Also underway is a science reform effort originating with the Executive Director of the National Science Teachers Association, Bill Aldridge. Known as the NSTA Project on Scope, Sequence, and Coordination of Secondary School Science, this project is similar to 2061 in that its intent is to make science accessible to all students. Aldridge contends that American science education could be greatly improved if the sequence of offering separate courses, a different science each year, were abandoned in favor of spreading these subjects over the four (or six years) of a student's secondary education, with content from each of the sciences being taught each year in some appropriate fashion for the student's level of cognitive development.
There are two essential features of the model Aldridge proposes: (1) spaced learning, with science taught over several years; and (2) progression from the descriptive to the abstract in terms of concepts. Although Aldridge believes in separate science disciplines, this model could integrate (rather than coordinate) the sciences (NSTA Reports!, 1989).
However the science curriculum is organized, students in grade 7 and 8 should have an instructional approach that is descriptive and that involves experiences with phenomena in a hands-on setting. In grades 9 and 10, the approach shifts to empirical and becomes semiquantitative. In grades 11 and 12, science instruction can emphasize the theoretical and abstract aspects.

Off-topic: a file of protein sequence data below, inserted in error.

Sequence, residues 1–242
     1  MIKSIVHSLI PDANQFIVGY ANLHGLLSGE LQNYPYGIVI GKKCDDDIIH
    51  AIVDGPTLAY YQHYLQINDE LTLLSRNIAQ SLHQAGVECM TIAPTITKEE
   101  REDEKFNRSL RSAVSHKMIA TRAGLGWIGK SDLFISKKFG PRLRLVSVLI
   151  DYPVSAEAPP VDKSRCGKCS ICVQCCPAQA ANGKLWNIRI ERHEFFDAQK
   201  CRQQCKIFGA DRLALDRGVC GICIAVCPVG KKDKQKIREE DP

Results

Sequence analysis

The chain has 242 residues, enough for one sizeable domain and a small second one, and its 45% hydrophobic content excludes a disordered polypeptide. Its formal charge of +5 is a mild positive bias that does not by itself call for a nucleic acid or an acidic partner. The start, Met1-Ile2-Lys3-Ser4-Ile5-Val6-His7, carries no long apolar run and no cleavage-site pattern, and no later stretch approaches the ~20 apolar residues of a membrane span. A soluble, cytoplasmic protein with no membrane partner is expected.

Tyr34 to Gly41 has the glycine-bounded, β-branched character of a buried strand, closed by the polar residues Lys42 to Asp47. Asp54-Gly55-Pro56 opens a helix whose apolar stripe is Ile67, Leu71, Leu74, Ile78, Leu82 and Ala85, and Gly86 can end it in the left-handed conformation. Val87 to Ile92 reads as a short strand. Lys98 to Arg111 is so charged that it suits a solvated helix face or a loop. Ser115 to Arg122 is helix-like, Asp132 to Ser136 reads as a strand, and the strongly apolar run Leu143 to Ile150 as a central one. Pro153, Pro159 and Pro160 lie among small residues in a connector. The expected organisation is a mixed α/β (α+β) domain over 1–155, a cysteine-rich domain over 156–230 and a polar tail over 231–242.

Project 2061 and the NSTA Scope, Sequence, and Coordination Project have focused primarily on secondary school science. Some school systems are already modifying their science curriculum to more closely follow the guidelines established by Project 2061. This modified curriculum may be presented to students using the scope and sequence model proposed by NSTA.
WHAT ARE THE ACTIVITIES THAT FOCUS ON TEACHING SCIENCE TO ELEMENTARY AND MIDDLE SCHOOL STUDENTS?
As mentioned earlier, these curriculum projects involve scientists and science educators, schools, and publishers. Some materials are ready for trial and formative evaluation, others are still in production. These projects share some characteristics in that the curriculum materials are designed to help children develop an understanding of key concepts, hands-on activities are emphasized along with the development of problem-solving skills, science concepts are related to social and environmental concerns, and science is integrated with the rest of the elementary curriculum--especially writing, mathematics, and reading.